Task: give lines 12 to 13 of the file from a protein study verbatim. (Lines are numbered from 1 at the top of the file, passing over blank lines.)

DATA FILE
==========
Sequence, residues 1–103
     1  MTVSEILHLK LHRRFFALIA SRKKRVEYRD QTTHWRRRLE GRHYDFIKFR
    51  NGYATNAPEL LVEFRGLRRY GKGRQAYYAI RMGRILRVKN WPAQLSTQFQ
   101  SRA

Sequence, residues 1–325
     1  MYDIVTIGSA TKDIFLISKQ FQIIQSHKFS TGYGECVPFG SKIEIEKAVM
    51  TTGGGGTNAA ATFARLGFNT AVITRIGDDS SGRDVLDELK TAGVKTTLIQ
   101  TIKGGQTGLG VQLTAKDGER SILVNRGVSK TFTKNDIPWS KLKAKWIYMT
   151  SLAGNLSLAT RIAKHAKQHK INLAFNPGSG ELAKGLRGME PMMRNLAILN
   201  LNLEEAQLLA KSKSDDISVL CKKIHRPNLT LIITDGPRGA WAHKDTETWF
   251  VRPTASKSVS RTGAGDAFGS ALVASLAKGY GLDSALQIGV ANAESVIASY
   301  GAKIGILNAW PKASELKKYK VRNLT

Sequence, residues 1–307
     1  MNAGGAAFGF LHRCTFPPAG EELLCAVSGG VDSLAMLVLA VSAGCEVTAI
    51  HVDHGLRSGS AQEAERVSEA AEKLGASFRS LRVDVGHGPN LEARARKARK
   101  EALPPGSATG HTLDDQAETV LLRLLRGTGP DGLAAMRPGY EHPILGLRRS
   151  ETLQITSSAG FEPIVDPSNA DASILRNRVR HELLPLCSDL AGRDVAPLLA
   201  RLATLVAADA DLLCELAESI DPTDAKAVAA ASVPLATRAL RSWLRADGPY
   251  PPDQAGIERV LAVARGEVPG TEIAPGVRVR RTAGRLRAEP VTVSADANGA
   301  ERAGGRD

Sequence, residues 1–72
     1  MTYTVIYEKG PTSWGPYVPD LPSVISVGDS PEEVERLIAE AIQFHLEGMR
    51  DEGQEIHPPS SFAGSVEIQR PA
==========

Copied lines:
   301  GAKIGILNAW PKASELKKYK VRNLT

Sequence, residues 1–307